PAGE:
By Michael Howell
The City of Hamilton is looking to purchase some property at the corner of Foxfield and Skeels as the future site of a planned Justice Center that would house the Police Department, the City Court and the City Attorney’s office. The Council was split over the issue and Mayor Jerry Steele broke the tie in favor of making an offer to purchase for $215,000. The property has been appraised at a value of $235,000.
Special Projects Director Dennis Stranger reviewed the process by which the property was selected for consideration. It involved criteria that included easy public access, adequate parking, and enough space to accommodate a building that would include the necessary storage space required for files and evidence storage. Stranger said that a number of potential sites were examined and dismissed for one reason or another. He went briefly over a list of about a dozen sites that were considered and the reasons they were found to be inadequate.
“If there’s a better site, we haven’t found it yet,” said Stranger.
A local real estate broker, Travis Martinez, suggested that the City consider leasing the site rather than purchasing it.
Councilor Joe Petrusaitis was critical of the proposal. He noted that the land is not for sale. He also questioned the need for a Justice Center when the Police Department was recently remodeled. He said the Council usually looks at three or four options when they are considering a property purchase. He said in this case it looks like the Council has already painted itself into a corner with only one choice. Petrusaitis suggested that the Council should ask the owners if they are willing to sell and if they are, ask them for a price.
“If they don’t want to sell it, I guess we are just out of luck,” he said.
Councilor Jenny West said that she was concerned about moving so much of the City’s operations out of the downtown.
Councilor Al Mitchell said, “I think we’ve done our due diligence in the property search.” He said he was not sure that leasing was really a better option. He noted that the remodel of the Police Department did cost several thousand dollars.
“But those improvements would still be available for use by other departments and offices,” said Mitchell. He said the house currently housing the City Attorney’s office could be sold. Mitchell said he had some concerns about moving out of the downtown but that the new Justice Center was really needed and he thinks the proposed property fits the requirements.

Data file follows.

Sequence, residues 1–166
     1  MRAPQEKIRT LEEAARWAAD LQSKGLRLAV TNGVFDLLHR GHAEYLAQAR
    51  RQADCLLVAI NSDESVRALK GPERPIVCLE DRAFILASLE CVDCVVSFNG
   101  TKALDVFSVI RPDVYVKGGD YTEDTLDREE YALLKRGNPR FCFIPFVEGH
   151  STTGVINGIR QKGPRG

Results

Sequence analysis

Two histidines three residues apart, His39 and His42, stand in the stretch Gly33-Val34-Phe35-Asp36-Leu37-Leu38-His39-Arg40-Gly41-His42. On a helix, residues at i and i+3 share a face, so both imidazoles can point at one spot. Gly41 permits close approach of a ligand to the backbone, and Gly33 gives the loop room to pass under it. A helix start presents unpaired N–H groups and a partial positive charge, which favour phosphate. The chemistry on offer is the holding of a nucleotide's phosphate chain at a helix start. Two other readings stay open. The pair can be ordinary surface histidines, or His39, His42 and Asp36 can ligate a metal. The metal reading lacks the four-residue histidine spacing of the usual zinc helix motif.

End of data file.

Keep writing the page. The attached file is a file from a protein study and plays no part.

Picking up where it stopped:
Petrusaitis was insistent in his objections. “I can’t believe that this is the only property in town worth considering,” he said.
The motion to make an offer to purchase the property was amended to add a price of $215,000. A vote on the amendment split 3 to 3 with Petrusaitis, Monson and West voting against it. Mayor Steele broke the tie in favor of the amendment. A vote on the amended motion came down the same way in a 3 to 3 tie with the Mayor voting for approval.
The Council also approved a change order with Mr. Asphalt in the amount of $1,025.11 for a little additional work at the intersection of Bedford and 2nd Street. It involved the placement of additional sidewalk, curbs and gutters.
The Council awarded the Fairgrounds Road mill and overlay project to LS Jenson Construction out of Missoula for $139,885. The Mayor was also authorized to sign a construction agreement with MDT to update the signing and pavement markings on Fairgrounds Road.
The Council also approved an Encroachment Permit to close an alley adjacent to 7th Street.
The Council also heard a complaint about Special Project Director Dennis Stranger’s behavior at the American Legion Park. A citizen stated that Stranger’s behavior and language were rude and disrespectful. He hoped the council would address the issue.